• And if YOU retaliate, are you prompting a continuation of the cycle?
  • If this cycle continues, are you dooming the author (and the people who look at Goodreads ratings) to live in a vaguely unhelpful 3 star zone?

Merry Christmas Thank you to all, and to all a good night!

much love, vicky

What did you think of today’s post? Were you able to follow along with my train of thought? Please, please, please leave thoughts, opinions, criticisms, pictures of your cat’s butt, anything below! This is one of those rare times where I’m begging you for some feedback.


11 thoughts on “A Math Lesson: Why 5 Stars Does NOT Negate a 1 Star on Goodreads (& Vice Versa)

  1. Interesting Post! You can actually work out how many 5 star ratings you would need to negate the 1 star rating in your example using the formula (26.2 + 5n)/(7+n) = 4.2. This comes out to n=4 🤓 So you need to get 3 friends to join you in your five-star rating! 😛
    I get your point about the average just tending to 3 though and how by retaliating with a 5 star rating you are continuing the 1-star, 5-star cycle.
    Best to just rate honestly when the book is released and you have read it!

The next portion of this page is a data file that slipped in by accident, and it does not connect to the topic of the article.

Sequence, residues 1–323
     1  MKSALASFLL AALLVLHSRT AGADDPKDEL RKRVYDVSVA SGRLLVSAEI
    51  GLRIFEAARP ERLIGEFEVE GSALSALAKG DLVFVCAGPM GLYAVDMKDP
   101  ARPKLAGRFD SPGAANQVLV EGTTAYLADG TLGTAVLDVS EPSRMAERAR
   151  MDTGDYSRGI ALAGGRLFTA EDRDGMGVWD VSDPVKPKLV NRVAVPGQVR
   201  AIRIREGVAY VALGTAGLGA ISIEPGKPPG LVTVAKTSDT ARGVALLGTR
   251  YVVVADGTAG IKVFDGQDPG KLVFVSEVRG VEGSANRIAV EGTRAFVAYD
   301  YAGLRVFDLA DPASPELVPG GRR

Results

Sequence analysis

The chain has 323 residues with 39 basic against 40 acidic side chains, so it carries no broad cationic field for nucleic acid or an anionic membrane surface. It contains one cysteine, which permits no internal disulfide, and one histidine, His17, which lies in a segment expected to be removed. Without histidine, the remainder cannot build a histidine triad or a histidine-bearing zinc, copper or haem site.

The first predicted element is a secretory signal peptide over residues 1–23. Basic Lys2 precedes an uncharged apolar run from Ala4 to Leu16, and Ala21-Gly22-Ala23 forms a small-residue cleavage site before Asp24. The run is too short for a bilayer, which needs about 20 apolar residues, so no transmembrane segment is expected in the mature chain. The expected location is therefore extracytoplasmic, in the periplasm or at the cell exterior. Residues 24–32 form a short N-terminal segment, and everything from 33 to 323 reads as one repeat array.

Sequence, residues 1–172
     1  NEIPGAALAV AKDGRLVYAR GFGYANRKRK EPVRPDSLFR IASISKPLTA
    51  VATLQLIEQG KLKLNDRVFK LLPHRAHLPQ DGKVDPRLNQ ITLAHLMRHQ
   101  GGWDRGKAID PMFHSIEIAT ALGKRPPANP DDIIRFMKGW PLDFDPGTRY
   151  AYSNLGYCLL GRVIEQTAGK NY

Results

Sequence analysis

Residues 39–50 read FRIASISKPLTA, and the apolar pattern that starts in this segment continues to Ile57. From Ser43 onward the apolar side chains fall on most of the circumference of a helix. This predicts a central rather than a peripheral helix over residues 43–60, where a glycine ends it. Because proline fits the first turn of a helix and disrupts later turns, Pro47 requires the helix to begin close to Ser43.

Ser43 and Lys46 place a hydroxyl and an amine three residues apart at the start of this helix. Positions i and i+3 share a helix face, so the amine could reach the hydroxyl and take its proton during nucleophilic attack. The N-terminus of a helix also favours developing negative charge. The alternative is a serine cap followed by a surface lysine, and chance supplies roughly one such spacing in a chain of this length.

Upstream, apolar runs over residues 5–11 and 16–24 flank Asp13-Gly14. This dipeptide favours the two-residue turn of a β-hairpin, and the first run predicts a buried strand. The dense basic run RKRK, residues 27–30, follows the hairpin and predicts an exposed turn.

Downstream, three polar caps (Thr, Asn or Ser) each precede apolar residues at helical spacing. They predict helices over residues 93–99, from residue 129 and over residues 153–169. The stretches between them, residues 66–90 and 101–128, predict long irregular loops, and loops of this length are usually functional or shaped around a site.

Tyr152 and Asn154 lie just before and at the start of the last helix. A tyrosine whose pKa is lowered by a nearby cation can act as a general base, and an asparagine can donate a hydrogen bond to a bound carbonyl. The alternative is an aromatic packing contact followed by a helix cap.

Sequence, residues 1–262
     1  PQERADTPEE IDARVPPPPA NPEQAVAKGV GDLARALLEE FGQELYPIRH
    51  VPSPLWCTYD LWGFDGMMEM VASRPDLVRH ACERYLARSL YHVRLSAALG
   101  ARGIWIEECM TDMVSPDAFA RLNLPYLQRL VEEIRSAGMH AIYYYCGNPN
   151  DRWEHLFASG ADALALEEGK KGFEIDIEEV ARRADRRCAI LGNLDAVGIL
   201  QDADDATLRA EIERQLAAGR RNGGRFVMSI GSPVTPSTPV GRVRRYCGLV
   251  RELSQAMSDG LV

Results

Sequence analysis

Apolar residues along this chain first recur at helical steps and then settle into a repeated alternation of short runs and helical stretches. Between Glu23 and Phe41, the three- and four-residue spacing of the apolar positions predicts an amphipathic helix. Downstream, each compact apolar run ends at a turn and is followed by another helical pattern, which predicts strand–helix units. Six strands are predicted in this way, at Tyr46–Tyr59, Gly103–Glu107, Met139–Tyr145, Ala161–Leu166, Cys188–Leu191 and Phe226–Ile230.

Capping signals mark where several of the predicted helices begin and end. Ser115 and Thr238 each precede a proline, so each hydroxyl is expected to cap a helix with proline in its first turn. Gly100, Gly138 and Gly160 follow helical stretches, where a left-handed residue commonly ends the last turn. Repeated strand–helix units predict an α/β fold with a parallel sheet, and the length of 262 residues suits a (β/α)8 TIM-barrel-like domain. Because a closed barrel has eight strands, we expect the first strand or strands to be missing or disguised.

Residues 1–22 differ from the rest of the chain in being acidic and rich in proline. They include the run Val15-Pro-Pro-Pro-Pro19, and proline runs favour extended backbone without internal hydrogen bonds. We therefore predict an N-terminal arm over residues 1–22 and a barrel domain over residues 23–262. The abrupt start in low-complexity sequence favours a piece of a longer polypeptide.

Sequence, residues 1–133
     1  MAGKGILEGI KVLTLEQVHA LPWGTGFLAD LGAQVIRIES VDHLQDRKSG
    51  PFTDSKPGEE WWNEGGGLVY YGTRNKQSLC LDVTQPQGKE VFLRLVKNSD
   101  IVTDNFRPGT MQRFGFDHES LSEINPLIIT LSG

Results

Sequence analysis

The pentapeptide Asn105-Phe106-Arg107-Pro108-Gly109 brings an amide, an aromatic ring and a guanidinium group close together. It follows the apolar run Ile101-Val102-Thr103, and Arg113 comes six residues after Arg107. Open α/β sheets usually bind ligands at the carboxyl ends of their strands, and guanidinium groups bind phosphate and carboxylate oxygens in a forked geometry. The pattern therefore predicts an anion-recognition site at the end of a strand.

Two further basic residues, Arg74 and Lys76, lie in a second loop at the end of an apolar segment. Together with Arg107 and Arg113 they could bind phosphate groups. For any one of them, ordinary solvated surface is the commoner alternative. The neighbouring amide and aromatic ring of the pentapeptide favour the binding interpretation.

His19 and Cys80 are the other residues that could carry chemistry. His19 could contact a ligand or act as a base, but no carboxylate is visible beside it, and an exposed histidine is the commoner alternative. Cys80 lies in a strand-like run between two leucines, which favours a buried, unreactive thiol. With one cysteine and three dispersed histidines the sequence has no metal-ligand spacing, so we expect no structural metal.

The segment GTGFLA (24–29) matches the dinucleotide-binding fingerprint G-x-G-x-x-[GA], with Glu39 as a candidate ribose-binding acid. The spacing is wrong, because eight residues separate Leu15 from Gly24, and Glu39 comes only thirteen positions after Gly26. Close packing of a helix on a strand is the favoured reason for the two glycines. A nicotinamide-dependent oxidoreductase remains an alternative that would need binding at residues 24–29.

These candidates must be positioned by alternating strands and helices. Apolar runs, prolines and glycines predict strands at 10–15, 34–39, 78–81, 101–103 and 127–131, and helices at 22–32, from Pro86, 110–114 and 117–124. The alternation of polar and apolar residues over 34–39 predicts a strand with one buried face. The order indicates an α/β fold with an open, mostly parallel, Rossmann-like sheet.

Liked by 1 person

    1. Thank you! Ahaha yes, that’d definitely work for this instance! But when the true rating moves up or down with honest ratings, the 5 stars would end up skewing the rating again and it all ends up in a giant math mess! Ahhaha I definitely agree-just be honest and ignore everyone else xD

      Liked by 1 person

  2. This is an interesting post that I never really thought about with ratings. I can’t stand the rating battles over Goodreads when authors or a book become controversial. Even worse still the people who rate in order to bandwagon without actually touching the book themselves, just for the sake of arguing with the other side. It’s funny now to consider the math and what they’re actually doing is not what they intended, great post!

    Liked by 1 person